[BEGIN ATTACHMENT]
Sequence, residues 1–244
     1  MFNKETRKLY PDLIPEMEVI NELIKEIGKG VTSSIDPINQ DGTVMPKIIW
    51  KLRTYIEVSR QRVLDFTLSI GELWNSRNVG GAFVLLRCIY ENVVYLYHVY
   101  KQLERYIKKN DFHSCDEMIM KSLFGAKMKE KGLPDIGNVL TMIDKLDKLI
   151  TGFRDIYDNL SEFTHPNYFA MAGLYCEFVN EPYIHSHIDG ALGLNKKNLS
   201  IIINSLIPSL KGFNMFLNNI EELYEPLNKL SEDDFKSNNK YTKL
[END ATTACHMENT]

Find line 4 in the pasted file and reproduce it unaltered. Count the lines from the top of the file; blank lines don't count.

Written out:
   101  KQLERYIKKN DFHSCDEMIM KSLFGAKMKE KGLPDIGNVL TMIDKLDKLI